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Disability and Voting

Professor Michael Waterstone, a disability rights-law expert at Loyola Law School, Los Angeles, discusses concerns about the voting rights of people with disabilities in this election.

By Associate Dean Michael Waterstone

My primary research area, disability law, typically doesn't garner a lot of headlines or attention in presidential elections. There was a National Forum on Disability Issues in September of 2012 where both candidates were invited, but neither showed up (President Obama was represented by Ted Kennedy, Jr. and Governor Romney was represented by Rep. Cathy McMorris Rodgers (R-WA)). In a way this is understandable -- disability is a less contentious civil rights issue than some other areas. It may just be a perception that there is less to fight about (and a good fight is what really draws media attention).

But there are certainly many important issues relevant to people with disabilities that are at stake in this election. A major one is health care. The provision of the Affordable Care Act that stops insurance companies from denying coverage based on preexisting conditions can help people with disabilities move in and out of the labor force without losing their health insurance. This approach, I have argued elsewhere, is part of the explanation of the higher rate of veterans with disabilities, who have access to the VA for some healthcare services. Governor Romney seemed to suggest that his healthcare proposals would also cover people with preexisting conditions, but most analyses I have seen refute this, at least to the extent that it would help people with long term disabilities be more fluid in and out of jobs. Another issue of importance to the disability community is the ratification of the United Nations Convention on the Rights of Persons with Disabilities. President Obama signed the treaty and has urged ratification; as far as I could find, Governor Romney has taken no public position on the issue.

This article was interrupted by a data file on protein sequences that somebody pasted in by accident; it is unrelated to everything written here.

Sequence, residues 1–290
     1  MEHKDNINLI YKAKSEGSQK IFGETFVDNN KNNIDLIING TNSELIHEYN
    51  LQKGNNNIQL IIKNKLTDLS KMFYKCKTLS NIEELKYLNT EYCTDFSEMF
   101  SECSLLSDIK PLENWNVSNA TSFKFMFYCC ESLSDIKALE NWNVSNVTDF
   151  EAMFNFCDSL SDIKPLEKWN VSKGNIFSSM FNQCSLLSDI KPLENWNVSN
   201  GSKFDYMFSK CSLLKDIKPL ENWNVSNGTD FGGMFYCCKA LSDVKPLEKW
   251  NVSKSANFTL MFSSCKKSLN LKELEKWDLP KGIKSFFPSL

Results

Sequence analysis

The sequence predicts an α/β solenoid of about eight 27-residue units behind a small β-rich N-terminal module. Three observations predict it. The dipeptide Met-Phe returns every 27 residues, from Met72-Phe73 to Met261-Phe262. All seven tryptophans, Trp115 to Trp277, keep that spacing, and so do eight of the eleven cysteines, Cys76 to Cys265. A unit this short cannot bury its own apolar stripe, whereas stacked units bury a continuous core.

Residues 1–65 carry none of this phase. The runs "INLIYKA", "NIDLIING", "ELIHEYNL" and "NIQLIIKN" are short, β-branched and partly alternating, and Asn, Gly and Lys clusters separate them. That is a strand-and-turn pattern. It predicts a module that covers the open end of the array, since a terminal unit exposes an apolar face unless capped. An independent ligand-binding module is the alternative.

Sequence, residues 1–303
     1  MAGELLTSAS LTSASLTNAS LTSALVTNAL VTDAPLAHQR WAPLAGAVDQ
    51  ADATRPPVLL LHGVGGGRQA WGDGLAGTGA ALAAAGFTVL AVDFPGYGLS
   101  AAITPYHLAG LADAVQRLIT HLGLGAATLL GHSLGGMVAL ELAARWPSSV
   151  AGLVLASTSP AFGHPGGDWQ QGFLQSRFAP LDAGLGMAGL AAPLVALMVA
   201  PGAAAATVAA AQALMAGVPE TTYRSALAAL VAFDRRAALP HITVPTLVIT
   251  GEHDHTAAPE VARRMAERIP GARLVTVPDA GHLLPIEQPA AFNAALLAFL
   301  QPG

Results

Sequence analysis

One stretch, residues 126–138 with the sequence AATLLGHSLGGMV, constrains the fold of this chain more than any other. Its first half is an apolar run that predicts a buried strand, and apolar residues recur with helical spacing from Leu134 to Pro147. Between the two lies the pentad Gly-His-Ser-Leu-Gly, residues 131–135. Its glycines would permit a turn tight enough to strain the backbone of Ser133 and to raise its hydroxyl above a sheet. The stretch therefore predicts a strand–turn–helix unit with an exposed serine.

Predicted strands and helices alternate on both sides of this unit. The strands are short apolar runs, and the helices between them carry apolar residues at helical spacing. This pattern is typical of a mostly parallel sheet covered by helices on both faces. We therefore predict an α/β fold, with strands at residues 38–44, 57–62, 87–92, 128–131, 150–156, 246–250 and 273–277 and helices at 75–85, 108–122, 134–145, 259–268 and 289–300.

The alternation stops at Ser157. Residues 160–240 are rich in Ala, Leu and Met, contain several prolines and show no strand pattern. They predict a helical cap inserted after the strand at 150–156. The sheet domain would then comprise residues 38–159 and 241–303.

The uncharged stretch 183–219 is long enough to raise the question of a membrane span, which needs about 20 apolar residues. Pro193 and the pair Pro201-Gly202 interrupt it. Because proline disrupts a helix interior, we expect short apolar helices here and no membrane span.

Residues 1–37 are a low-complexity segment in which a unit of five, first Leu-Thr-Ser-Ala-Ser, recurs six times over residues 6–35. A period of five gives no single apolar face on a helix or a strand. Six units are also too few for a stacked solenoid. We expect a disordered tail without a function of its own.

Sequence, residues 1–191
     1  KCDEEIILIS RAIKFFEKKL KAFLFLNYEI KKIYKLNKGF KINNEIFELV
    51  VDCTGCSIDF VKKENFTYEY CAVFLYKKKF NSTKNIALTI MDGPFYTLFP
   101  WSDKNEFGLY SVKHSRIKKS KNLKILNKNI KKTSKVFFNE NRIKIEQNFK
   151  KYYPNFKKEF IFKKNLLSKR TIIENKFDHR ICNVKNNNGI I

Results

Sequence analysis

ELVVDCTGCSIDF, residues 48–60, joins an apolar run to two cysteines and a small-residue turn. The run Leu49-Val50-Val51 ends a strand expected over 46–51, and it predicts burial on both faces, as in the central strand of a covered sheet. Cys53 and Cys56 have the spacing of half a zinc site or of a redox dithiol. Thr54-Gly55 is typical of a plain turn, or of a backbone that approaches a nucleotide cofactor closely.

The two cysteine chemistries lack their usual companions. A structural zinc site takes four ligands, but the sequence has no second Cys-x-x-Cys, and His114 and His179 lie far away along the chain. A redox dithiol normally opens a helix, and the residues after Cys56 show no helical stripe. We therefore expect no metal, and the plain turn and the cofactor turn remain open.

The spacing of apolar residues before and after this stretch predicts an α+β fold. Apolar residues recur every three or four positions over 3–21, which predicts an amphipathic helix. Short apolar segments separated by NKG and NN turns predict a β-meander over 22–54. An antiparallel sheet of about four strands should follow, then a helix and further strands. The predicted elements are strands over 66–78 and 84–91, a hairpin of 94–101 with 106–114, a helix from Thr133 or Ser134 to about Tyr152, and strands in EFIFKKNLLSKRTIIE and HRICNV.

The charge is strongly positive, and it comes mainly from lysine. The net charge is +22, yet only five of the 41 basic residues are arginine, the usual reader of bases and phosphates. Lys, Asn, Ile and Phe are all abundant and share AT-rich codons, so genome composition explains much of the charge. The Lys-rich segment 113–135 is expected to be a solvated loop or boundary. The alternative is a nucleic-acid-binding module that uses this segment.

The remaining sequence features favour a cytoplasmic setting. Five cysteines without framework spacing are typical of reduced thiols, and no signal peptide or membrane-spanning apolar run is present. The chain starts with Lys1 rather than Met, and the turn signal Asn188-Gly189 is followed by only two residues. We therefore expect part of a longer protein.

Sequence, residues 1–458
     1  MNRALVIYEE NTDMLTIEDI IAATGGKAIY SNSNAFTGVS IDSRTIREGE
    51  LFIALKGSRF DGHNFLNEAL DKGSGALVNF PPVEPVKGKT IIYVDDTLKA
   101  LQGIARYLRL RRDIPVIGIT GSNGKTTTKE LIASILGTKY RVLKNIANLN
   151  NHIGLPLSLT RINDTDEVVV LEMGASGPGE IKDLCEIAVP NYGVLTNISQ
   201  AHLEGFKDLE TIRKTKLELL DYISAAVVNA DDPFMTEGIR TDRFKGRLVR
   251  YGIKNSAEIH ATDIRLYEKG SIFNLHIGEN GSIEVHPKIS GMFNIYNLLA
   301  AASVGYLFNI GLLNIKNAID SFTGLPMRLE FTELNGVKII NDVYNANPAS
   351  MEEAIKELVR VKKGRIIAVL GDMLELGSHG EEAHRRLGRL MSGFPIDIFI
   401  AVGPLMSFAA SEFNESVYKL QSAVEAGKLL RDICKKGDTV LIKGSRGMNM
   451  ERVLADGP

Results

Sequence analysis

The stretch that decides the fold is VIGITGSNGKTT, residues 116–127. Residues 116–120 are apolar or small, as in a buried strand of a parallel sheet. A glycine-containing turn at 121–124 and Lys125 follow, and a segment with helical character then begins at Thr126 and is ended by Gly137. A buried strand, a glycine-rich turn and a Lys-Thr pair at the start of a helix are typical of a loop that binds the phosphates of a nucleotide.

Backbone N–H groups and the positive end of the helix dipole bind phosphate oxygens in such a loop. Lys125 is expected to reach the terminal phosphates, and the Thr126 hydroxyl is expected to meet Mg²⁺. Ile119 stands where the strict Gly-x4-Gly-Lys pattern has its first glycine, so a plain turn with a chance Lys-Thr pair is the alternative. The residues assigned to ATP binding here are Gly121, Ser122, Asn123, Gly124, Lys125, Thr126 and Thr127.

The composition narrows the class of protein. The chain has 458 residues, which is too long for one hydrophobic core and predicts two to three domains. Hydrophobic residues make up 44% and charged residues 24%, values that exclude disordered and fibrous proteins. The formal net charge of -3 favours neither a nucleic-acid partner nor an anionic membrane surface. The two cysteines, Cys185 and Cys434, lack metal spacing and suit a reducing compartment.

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Sharpie November 04, 2012 at 01:46 PM
Disabilities are a secondary issue for most people until they have a disability. Then, all the abuses become glaring. While I applaud Pres. Obama signing a Rights of Persons w Disabilities, it would be more American if this were a national law rather than one administered by the United Nations which has no business in determining the internal affairs of individual nations even if they have strong recommendations. Countries that are free, should remain free. Put the UN in it's place, making recommendations rather than looming over w international enforcements. Keep freedom in every free country true. Let the people and individual countries decide what laws they choose to adopt.

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